The speaker of the poem is a nymph lamenting the death of her fawn. The poem begins with the nymph crying out that a band of “wanton troopers” have shot her fawn “and it will die.” She notes that the fawn never did these men any harm, nor did the nymph ever wish the men any ill. The nymph invokes Heaven and asks that her “simple prayers” might implore Heaven to forgive the murder. She goes on to claim, however, that Heaven always keeps an account of men’s actions, and “Ev’n beasts must be with justice slain,” otherwise they shall become victims of divine retribution.
The nymph goes on to claim that even if these hunters “wash their guilty hands,” they can never be fully clean or absolved of this grievous sin. At this point, the nymph’s narrative shifts to a memory of her former lover, Sylvio, and the happy time before she discovered that he had been unfaithful to her. Sylvio gave the nymph her fawn “Tied in this silver chain and bell,” as a symbol of his affections. Eventually, though, Sylvio “grew wild” and lost interest in the nymph, leaving her with the fawn while he “took his heart.”
The nymph says that she took the beast and began to care for it, taking joy in its sport. She wonders if the fawn had lived longer, whether it might have left her just as Sylvio did, but claims that its “love was far more better then / The love of false and cruel men.” The nymph remembers nursing the fawn with milk and sugar from her fingers and recalls its “pretty skipping grace” as they cavorted together. She also remembers the fawn loving her garden, where it would lie in the shade of “flaxen lilies” and feed on roses.
At this point, the nymph begins to see the fawn growing faint as death approaches. The fawn weeps, and the nymph says she will preserve its “two crystal tears” in a “golden vial” and place on it on a shrine to the Goddess Diana. The fawn then dies. The poem concludes with the nymph imagining a statue of herself weeping real tears that fall upon and engrave her breast, with a white alabaster statue of the fawn placed at her feet.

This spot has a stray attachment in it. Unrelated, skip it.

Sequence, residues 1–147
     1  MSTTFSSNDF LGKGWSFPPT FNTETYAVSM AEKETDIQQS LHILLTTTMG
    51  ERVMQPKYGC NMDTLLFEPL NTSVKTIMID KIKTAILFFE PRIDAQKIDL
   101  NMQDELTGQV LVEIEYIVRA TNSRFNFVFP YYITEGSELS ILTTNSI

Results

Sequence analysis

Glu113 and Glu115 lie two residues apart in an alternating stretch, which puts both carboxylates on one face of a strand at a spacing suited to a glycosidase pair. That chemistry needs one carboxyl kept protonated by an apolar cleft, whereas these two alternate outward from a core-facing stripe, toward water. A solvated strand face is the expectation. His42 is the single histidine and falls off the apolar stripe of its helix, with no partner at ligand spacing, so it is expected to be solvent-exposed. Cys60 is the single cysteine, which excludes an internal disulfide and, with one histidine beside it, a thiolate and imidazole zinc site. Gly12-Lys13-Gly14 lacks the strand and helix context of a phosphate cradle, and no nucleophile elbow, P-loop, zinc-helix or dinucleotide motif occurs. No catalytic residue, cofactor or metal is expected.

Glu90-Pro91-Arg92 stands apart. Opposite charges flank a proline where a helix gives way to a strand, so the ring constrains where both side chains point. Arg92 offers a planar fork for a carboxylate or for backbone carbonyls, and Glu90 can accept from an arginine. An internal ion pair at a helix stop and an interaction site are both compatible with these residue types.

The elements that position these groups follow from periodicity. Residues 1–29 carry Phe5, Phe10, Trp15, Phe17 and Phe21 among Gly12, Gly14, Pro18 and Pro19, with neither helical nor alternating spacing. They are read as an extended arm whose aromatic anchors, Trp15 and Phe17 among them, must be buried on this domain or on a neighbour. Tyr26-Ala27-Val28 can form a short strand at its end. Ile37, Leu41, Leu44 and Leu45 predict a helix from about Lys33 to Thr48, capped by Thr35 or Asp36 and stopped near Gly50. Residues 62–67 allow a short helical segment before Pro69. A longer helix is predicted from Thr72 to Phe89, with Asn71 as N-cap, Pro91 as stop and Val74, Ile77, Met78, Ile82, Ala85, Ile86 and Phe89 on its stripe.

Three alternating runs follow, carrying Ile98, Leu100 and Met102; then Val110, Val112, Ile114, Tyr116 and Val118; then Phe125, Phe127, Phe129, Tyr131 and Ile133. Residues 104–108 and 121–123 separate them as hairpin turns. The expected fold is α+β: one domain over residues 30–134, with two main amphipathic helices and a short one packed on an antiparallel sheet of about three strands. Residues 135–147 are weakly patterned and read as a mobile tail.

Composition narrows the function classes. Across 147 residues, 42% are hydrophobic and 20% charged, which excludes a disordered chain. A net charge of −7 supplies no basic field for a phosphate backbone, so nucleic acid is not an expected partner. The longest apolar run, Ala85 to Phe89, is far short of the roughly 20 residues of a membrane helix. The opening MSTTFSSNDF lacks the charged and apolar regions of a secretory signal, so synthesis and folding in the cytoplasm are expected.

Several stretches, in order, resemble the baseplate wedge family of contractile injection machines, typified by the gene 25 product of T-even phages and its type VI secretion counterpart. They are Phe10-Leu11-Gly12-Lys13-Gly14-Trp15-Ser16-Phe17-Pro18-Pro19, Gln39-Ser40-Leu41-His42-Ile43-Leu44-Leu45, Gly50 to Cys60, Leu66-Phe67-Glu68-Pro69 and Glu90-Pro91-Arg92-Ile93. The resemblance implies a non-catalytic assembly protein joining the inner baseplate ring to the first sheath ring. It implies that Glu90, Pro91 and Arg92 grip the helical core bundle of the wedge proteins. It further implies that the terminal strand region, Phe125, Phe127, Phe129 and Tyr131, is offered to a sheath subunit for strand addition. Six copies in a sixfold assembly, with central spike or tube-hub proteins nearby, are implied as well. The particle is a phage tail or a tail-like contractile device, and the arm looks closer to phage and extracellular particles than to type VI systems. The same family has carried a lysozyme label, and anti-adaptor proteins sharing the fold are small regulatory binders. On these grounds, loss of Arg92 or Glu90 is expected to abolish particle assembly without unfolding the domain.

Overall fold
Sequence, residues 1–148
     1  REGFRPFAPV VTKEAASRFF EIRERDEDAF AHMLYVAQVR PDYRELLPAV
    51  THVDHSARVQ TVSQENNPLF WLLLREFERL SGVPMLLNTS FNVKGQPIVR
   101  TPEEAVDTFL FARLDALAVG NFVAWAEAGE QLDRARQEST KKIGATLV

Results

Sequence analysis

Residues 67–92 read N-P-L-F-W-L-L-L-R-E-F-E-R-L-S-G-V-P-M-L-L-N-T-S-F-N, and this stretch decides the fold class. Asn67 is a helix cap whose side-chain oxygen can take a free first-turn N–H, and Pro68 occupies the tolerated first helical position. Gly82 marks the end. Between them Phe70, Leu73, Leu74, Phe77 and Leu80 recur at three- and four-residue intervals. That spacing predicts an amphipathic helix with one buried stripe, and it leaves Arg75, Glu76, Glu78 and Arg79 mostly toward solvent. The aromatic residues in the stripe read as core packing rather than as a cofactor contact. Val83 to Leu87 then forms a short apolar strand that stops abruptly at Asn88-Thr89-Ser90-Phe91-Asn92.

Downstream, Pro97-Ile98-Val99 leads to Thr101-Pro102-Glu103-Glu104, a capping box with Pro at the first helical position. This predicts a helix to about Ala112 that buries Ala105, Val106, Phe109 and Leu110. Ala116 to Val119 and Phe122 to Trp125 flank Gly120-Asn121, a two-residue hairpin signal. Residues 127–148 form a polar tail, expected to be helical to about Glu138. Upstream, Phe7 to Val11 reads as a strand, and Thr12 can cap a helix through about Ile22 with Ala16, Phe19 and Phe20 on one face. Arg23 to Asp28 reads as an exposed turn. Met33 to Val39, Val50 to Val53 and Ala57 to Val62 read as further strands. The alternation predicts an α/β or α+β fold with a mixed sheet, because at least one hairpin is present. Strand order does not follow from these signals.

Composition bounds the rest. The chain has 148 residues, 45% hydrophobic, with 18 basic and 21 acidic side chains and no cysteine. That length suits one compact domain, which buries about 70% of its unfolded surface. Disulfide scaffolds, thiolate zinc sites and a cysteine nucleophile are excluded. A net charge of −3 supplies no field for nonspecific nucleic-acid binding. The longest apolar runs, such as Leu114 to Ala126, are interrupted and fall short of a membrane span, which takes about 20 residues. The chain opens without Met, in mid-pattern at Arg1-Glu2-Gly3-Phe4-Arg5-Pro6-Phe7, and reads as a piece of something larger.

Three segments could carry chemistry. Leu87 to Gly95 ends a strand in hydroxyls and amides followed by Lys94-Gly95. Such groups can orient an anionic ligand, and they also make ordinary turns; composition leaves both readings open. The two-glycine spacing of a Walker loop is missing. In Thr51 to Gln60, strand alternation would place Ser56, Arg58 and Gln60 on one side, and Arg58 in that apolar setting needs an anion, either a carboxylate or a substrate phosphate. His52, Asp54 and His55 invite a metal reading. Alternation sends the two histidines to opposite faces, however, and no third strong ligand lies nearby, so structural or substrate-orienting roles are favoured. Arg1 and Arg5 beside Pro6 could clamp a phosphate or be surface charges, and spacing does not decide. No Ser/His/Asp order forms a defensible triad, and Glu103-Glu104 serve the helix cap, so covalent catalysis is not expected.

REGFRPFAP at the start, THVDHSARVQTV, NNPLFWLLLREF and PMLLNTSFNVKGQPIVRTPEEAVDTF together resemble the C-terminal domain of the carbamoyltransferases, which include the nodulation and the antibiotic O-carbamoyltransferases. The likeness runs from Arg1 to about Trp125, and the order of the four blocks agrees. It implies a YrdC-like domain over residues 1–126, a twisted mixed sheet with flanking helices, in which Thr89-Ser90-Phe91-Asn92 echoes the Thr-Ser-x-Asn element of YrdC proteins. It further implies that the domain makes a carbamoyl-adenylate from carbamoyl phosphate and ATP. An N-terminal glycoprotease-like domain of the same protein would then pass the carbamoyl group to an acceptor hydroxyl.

The speaker of the poem is a nymph, who narrates the death of her fawn in the style of a lyric pastoral. Over the years, critics have interpreted Marvell’s poem in many different ways. Some see it as a light-hearted fantasy, others consider it a psychological tale of lost love, and a few even imagine it to be a complex political allegory. The nymph’s speech is fairly simplistic and childlike, which contrasts sharply with the poem’s serious subjects of betrayal, violence, and death. However, such extreme variance between form and content is consistent with Marvell’s poetic technique at large, which aims to expose contradictions and paradoxes that, in turn, produce memorable aesthetic effects. The poem consists of 122 lines of rhymed couplets in iambic tetrameter.